Questions To Ask when Buying A Forklift
Updated: Dec 8, 2020
Before purchasing new equipment, most buyers go through an evaluation process that goes something like this:
Analyze Current Operations
Will anything be changing? Specifically: Have forklift hours increased? Decreased? Operating hours are an important factor to get right when purchasing or leasing a new (or used) piece of equipment.
Is the company planning expansion?
What type of expansion is expected?
When will we expand?
Where will we be expanding?
Assess Current Equipment
Is the current brand equipment meeting needs?
What is the trending reputation of the brand in use? (improving or declining quality)
Is the fleet mix and quantity appropriate for current and future operations? (type, capacity & quantity)
Evaluation Options and Choose a Supplier
Entertain competitive quotes for comparable models
Compare/contrast features, advantages and benefits of each brand
Evaluate suppliers ability to properly maintain equipment or provide service when needed to maximize productivity
Evaluate contractual obligations for each supplier
Negotiation and Decision
Negotiate service/equipment combination
The process above, though thorough, will not necessarily lead to a smart desicion. A complete assessement should include the questions below. This is especially true for a complex operation with multiple locations or varying equipment needs.
Here are the important questions you may not be asking - but should:
Is our current material handling operation efficient for current and changing business climate? - Do we need more space? - What options exist for space utilization? - Can we reduce through-put and duty cycles with a different equipment / warehouse structure combination?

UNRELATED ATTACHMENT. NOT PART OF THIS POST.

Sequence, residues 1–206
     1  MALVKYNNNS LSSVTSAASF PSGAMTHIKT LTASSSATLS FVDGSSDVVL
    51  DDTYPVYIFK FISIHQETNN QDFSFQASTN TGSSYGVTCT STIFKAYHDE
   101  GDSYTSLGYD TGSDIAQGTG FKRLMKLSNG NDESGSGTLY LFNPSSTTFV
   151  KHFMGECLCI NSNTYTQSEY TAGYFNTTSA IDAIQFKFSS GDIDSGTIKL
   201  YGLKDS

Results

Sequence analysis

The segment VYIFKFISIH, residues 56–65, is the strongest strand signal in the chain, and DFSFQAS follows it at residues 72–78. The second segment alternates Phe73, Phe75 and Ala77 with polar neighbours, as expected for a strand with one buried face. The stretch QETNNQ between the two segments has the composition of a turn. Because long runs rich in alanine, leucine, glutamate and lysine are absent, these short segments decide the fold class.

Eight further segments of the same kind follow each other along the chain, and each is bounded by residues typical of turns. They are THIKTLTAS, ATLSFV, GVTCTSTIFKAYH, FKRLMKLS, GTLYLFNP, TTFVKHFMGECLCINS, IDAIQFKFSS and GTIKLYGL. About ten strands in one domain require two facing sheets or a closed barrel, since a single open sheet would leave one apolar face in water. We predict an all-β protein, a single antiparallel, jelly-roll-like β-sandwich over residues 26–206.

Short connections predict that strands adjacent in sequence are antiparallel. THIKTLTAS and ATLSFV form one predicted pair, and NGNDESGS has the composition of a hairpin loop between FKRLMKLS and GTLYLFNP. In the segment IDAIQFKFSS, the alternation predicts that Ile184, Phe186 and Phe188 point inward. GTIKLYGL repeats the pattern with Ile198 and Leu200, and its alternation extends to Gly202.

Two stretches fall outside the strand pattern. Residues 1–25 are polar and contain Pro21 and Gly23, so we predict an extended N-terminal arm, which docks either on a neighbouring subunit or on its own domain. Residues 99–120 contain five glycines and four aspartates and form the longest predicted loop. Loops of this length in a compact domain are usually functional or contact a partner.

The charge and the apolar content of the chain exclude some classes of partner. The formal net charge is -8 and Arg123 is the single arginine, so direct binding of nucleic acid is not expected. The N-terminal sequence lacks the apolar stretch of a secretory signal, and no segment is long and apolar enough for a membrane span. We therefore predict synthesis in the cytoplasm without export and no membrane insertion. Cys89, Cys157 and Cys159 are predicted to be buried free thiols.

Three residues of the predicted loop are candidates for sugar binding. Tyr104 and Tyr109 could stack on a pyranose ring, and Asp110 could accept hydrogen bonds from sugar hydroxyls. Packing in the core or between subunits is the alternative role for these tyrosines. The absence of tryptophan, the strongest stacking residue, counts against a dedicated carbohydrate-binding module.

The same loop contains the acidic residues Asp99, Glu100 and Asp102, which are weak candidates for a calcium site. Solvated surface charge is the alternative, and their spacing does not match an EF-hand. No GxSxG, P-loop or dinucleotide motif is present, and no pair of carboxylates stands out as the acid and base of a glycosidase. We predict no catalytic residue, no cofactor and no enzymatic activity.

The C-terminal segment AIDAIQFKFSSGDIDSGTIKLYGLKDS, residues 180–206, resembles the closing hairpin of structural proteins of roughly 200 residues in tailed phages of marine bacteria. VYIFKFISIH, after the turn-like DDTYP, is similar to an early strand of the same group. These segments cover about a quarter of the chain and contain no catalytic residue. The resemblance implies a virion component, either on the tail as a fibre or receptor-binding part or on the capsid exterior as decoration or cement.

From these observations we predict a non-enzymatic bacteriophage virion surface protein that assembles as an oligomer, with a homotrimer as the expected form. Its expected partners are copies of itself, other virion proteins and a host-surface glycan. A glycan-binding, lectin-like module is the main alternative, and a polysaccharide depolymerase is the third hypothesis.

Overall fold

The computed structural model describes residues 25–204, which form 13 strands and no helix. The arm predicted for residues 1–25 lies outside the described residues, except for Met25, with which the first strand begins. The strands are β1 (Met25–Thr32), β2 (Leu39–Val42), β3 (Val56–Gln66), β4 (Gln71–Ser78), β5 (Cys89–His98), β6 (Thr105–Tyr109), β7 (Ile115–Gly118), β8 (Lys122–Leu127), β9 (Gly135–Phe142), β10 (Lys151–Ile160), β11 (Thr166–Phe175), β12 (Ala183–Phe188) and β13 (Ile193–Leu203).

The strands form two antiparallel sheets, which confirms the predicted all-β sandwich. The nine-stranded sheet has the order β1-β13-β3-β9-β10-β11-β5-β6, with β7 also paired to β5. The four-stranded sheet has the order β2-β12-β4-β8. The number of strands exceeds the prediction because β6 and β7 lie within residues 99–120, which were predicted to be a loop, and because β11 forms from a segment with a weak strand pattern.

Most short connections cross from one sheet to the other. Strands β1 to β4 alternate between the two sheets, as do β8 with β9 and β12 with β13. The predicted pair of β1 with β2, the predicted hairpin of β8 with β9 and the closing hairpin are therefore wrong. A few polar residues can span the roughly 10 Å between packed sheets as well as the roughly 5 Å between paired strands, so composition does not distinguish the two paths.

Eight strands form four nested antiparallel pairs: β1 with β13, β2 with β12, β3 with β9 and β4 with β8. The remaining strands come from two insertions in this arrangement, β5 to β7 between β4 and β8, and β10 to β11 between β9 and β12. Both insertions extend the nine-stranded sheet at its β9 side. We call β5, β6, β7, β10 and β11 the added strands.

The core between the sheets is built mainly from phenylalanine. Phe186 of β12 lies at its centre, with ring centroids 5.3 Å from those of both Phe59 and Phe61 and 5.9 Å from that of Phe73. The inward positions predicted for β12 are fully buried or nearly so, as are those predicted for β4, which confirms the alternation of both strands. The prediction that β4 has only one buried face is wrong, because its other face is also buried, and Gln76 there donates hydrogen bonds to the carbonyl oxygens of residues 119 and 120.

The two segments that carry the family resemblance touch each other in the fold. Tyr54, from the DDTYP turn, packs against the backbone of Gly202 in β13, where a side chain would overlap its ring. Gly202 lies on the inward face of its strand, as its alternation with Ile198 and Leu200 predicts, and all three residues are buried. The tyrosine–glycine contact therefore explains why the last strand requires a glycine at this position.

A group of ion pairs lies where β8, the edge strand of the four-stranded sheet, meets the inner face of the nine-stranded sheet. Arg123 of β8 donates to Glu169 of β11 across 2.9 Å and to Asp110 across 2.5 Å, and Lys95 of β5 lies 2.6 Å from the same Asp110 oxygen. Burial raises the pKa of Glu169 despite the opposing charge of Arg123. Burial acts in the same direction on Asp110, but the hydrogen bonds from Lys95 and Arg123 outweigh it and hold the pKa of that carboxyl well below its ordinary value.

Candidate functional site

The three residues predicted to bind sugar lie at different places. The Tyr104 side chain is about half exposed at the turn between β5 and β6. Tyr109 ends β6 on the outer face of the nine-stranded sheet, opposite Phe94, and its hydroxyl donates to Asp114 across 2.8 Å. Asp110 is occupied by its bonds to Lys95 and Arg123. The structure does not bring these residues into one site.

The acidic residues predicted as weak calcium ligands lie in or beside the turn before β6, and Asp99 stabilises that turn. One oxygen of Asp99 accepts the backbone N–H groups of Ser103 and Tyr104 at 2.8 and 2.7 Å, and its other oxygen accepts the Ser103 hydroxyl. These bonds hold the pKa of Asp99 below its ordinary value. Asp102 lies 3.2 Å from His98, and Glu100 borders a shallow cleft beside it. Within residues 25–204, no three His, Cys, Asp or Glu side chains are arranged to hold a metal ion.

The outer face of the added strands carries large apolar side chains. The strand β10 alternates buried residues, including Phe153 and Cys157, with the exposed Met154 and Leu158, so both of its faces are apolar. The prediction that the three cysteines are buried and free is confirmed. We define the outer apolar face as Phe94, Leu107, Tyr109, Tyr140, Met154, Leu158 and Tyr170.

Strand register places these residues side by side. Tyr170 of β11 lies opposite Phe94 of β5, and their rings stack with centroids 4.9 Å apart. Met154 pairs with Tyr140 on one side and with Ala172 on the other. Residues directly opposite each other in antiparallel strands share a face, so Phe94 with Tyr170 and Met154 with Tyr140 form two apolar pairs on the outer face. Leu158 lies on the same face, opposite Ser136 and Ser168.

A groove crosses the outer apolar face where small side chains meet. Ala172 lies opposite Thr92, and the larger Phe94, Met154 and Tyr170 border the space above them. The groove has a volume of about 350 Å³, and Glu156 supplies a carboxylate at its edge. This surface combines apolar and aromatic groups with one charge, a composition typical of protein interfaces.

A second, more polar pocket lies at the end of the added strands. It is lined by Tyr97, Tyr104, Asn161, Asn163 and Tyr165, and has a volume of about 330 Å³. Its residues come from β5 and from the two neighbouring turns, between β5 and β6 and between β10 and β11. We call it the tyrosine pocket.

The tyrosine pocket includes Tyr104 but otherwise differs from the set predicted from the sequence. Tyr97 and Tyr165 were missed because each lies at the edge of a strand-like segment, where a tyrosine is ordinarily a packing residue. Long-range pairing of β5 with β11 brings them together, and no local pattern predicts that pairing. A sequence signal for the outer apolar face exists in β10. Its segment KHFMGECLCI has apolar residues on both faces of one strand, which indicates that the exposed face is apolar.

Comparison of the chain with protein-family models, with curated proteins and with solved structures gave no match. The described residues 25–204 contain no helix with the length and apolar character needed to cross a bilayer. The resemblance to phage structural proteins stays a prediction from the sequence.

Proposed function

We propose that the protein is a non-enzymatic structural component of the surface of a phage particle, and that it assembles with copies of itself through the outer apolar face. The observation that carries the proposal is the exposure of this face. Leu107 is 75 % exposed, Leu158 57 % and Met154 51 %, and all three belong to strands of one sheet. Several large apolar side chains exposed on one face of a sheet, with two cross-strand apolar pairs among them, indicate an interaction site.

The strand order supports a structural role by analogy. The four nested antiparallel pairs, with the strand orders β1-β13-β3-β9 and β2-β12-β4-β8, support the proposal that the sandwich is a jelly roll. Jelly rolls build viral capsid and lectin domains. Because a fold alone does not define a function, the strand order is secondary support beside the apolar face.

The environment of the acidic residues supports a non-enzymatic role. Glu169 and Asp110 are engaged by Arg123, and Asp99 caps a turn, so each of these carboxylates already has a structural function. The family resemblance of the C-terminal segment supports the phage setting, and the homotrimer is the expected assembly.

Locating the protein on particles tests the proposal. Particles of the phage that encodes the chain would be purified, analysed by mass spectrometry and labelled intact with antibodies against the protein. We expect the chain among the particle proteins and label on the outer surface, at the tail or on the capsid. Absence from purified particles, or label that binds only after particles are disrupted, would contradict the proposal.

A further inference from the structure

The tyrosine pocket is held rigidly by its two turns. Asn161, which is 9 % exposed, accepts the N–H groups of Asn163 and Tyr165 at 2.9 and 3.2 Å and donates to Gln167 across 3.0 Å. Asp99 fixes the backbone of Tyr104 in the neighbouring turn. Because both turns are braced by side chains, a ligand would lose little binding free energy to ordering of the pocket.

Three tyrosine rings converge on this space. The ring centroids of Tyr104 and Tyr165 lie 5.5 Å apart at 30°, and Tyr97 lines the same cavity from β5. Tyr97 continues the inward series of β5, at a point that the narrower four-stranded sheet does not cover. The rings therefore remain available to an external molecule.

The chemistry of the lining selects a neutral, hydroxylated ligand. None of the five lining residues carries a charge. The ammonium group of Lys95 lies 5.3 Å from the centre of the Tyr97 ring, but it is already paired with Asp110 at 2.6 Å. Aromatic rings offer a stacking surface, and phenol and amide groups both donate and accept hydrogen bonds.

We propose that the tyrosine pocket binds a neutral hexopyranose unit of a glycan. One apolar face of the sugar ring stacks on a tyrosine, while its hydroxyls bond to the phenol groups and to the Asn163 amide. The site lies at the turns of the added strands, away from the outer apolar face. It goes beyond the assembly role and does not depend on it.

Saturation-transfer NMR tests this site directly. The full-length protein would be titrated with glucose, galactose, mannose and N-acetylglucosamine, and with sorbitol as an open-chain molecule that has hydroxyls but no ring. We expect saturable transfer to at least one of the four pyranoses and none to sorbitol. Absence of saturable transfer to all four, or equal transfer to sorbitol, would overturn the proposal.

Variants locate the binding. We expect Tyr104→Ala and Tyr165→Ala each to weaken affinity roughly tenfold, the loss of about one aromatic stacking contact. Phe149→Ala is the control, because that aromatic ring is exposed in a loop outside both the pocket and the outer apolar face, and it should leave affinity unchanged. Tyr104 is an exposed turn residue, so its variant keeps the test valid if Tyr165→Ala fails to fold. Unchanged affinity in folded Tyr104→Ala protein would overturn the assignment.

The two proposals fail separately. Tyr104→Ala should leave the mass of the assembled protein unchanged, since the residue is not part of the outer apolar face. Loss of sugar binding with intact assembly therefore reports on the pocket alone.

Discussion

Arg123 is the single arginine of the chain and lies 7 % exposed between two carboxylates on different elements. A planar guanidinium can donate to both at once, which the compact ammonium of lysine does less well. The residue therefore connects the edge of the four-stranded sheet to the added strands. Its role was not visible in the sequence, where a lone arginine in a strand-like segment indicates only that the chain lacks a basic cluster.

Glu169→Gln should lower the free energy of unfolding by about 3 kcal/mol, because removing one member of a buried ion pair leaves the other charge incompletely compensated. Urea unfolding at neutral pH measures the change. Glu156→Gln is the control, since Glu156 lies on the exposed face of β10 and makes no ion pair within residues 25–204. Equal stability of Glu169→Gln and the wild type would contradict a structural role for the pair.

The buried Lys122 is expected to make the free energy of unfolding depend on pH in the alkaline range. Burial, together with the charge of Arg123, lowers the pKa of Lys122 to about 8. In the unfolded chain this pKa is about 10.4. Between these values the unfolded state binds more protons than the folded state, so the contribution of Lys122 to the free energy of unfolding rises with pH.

What is current cost per hour for operating equipment? (forklifts and warehouse equipment)
What are the operating costs per hour of competing brands? (Include service/fuel/parts etc…)
What was our equipment rental expense and why? This is often a hidden expense of sub-par equipment or equipment that was operated past its economic life.
How can we reduce costs by reducing equipment damage due to abuse? How do your operators complete their daily operator checklists? This is another hidden cost that can be reduced with proper training and accountability for equipment damage or abuse.
How productive is your fleet? If you have forklift that has a lot of wheel time and very little hydraulic time, you have an unproductive forklift. A forklift that doesn’t lift is either broken or a very expensive mode of transportation for a driver. A telematics system can help you stay on top of this and many other key performance indicators.
Can the supplier integrate all facets of my materials handling and suggest alternatives or better ways of processing and storing our materials?
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